What is capabilities?

Capabilities turn the binary “root/non-root” dichotomy into a fine-grained access control system. Processes (like web servers) that just need to bind on a port below 1024 do not have to run as root: they can just be granted the net_bind_service capability instead. And there are many other capabilities, for almost all the specific areas where root privileges are usually needed.

Starting with kernel 2.2, Linux divides the privileges traditionally associated with superuser into distinct units, known as capabilities, which can be independently enabled and disabled.

For exmaple, if you run a container that run ntpd, which needs to modify the host system time. The container would not run because it requires SYS_TIME.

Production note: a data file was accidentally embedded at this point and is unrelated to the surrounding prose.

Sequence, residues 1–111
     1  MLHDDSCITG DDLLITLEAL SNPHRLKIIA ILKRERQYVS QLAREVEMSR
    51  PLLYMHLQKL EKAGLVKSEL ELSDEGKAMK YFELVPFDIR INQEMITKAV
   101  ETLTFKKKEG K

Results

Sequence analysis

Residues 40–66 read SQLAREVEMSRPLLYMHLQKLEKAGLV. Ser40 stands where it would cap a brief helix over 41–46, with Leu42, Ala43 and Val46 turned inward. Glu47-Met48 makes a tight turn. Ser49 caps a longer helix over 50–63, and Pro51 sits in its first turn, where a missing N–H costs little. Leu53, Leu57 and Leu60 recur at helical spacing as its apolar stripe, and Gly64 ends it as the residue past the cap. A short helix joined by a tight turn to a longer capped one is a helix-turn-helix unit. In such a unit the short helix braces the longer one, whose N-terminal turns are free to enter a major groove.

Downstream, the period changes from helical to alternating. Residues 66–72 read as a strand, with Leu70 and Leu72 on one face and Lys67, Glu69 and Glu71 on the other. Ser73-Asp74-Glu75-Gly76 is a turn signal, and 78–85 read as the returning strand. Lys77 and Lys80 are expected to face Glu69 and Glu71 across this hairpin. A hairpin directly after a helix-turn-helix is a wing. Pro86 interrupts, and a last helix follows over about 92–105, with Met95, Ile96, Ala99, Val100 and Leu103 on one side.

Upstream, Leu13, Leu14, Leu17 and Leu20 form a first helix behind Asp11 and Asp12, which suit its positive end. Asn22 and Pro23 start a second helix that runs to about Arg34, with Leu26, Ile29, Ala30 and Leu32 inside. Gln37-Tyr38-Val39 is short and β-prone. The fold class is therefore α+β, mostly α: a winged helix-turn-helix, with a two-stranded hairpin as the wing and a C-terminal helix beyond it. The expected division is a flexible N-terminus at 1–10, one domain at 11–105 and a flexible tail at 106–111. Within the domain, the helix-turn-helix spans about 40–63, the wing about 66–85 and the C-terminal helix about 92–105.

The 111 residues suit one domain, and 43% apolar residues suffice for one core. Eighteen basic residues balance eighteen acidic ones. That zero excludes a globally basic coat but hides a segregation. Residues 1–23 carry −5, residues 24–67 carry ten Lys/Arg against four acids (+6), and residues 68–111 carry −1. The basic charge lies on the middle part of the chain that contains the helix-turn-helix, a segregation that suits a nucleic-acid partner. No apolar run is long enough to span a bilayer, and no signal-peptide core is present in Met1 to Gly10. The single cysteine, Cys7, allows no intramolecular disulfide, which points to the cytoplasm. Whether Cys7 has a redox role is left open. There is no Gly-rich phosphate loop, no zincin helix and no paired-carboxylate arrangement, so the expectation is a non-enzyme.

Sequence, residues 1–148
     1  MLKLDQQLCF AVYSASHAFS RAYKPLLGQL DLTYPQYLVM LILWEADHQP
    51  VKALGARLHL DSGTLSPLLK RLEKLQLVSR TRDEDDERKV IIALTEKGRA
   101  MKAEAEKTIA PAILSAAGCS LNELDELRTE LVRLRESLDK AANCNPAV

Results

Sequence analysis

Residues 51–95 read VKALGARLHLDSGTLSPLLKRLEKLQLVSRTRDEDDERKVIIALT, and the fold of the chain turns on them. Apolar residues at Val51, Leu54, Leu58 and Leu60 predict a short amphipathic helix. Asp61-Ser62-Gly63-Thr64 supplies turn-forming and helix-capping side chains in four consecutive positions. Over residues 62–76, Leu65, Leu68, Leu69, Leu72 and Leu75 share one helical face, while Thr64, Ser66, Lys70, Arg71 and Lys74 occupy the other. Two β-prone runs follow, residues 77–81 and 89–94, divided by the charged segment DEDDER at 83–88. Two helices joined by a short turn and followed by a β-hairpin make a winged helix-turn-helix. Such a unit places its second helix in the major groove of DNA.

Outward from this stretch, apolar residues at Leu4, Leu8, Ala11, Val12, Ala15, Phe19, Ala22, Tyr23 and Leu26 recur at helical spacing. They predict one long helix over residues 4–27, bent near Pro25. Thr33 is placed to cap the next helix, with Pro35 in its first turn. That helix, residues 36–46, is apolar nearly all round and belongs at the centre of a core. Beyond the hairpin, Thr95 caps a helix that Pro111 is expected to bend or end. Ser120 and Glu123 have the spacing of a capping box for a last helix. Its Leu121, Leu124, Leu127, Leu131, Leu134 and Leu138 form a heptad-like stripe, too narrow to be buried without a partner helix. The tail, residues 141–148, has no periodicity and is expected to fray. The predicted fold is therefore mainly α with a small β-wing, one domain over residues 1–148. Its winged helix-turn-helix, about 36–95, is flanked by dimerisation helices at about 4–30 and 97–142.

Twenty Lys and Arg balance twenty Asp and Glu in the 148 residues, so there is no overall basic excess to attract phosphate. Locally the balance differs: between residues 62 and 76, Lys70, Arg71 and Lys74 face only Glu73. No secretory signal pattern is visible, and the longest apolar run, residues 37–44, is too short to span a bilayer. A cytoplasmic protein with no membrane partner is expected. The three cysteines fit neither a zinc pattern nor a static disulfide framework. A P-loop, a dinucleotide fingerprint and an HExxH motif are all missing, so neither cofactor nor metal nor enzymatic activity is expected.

Scenario Demo

If you specify the --privileged=true option to docker create or docker run, the container has access to all the devices on the host, which can present a security risk. For more precise control, you can use the --cap-add and --cap-drop options

$ docker run -it alpine sh
# ip route
# ip route del default

$ docker run --cap-add=NET_ADMIN -it alpine sh
# ip route
# ip route del default

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